const person:{
  name: string;
  age: 0;
} = {
  name: "Ramadhir",
  age: 77 // TS2322: Type '77' is not assignable to type '0'.

Array[s] :-)

Just append the type in the declaration with [] to let TS know that you will be storing an array.

let values: string[]; // array of string
let numbers: number[]; // array of numbers
let objects: object[]; // array of numbers
let functions: Function[]; // array of functions

Do note one thing that even if TS says that something is wrong, it still compiles the code and the code may be valid js and can work perfectly. Perhaps there's some config to prevent TS to compile to JS if there are TS errors. Will check later.

let values: string[];
values = [["mera"], ["joota"], ["fake","leather"]]; // TS2322: Type '[string]' is not assignable to type 'string'.
for (const val of values) { // TS evaluates that each value should be a string because values is an array of strings as per our type definition and thus the below TS error
    val.map(i => console.log(i)); // TS2339: Property 'map' does not exist on type 'string'.

Tuple - Some say it as 'tyupal'

We learned that we can mark arrays of numbers/strings/objects etc. in TS. So that if we try to assign a mixed type, TS will throw an error

let arr :string[] = [2, "Rupiya"]; //TS2322: Type 'number' is not assignable to type 'string'.

But what if we really want to store mixed data in an array. One quick example of it could be the highcharts where we store the data as category and its value in an array

let data = [['Yellow', 10], ['Red', 12]];
  • One way is to have a mixed type defined like below.
let work: (string | number)[] = [0 , "Zero"];
  • The other way is to define a tuple. A tuple is a predefined set of fields in an array with defined type for each value. The department in below example will always have an array of two values with first being a number and second being a string.
let person: {
  name: string;
  age: number;
  department: [number, string];
} = {
  name: "Shamshad alam",
  age: 35,
  department: [1234, "lohe ka vyapaar"]

One thing to remember about tuples is that, TS has the capability to check the type when we assign the values, but somehow it cannot validate when we use Array.prototype.push().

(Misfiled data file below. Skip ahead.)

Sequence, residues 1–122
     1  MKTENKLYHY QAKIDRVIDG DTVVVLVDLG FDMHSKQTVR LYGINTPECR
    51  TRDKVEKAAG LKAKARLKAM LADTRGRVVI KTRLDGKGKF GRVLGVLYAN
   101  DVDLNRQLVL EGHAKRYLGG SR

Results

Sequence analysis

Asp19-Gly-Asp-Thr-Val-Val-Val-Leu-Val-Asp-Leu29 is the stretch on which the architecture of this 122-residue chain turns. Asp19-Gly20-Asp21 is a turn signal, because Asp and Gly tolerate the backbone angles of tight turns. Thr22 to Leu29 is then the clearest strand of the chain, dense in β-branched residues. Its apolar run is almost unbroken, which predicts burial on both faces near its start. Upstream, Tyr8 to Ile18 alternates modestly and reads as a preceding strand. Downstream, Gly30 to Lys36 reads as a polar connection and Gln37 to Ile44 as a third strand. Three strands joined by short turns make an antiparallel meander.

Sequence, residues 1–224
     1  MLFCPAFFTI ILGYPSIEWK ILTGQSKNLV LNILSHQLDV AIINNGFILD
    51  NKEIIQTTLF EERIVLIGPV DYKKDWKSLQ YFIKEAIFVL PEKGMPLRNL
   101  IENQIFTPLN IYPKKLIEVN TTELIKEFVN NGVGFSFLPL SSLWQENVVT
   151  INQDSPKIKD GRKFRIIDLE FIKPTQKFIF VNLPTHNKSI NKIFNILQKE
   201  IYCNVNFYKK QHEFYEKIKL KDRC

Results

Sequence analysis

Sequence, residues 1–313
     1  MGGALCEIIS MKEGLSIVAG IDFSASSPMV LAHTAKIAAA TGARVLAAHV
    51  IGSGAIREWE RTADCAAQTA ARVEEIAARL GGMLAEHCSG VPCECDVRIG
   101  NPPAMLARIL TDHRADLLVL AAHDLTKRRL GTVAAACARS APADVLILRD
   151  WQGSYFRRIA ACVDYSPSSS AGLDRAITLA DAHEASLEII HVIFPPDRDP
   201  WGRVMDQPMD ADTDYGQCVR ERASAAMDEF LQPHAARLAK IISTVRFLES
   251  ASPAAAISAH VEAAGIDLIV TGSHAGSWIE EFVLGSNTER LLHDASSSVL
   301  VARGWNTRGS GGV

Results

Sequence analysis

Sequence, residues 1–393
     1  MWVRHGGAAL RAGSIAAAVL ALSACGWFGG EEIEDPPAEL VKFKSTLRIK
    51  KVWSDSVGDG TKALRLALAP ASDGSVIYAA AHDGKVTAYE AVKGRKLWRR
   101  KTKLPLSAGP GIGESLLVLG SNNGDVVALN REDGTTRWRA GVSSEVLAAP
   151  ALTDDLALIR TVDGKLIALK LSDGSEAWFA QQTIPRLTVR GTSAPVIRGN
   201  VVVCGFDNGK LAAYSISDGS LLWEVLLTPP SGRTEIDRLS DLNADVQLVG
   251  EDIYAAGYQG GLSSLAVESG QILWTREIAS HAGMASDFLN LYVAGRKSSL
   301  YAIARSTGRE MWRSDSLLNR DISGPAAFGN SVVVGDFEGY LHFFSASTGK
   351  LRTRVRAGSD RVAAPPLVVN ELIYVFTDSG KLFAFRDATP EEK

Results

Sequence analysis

person.department.push("kashmeer ke seb"); // You can push a new value to the values of a tuple without TS error

And I believe that must be true for other Array methods like pop(), shift(), unshift() etc.

console.log(person.department); //(3) ['katal', 1234, 'lohe ka vyapaar']


You know how we declare constants in regular Javascript world.

const AREA = "wasseypur";
const AREA_MAP = {

TS makes this more convenient with enum which is just another way to represent numbers without knowing which one is which

console.log(sameArea); // returns false

Thing to remember here is that the values internally are automatically set to numbers. So doing below will give you the internal value which would be an auto generated index for that enum.

const dialogue = AREA_MAP.DHANBAAD + " me hota hai koyle ka vyapaar";
console.log(dialogue); // "1 me hota hai koyle ka vyapaar" since AREA_MAP.DHANBAAD is at second position

You can also override the default behaviour to assign custom values.

  • Start the enum with a different index
console.log(AREA_MAP.DHANBAAD); // 101 as it auto generates indices for rest of the enum values
  • Assign custom numbers
enum AREA_MAP {WASSEYPUR = 100, DHANBAAD = 200};
console.log(AREA_MAP.DHANBAAD); // 200
  • Assign custom strings
enum AREA_MAP {WASSEYPUR = "ramadhir_ka_area", DHANBAAD = "sardar_khan"};
console.log(AREA_MAP.DHANBAAD); // sardar_khan
  • Assign mixed values
enum AREA_MAP {WASSEYPUR = "ramadhir_ka_area", DHANBAAD = 200};
console.log(AREA_MAP.DHANBAAD); // 200


When you are not sure of what the values are, you can use any as a type. But then again if you start using it everywhere, you are basically moving back to JS and defeating the whole purpose of having TS in the first place. So when to use it?

It's good for rare occasions when something is preventing you from determining the type. Like below example

let data: any[]; // You know api will return an array but it could be an array of anything
data = await getDataFromExternalApi();


While it may sound not a good idea at first, but sometimes you need one variable that can hold different types of value depending on how the function was called.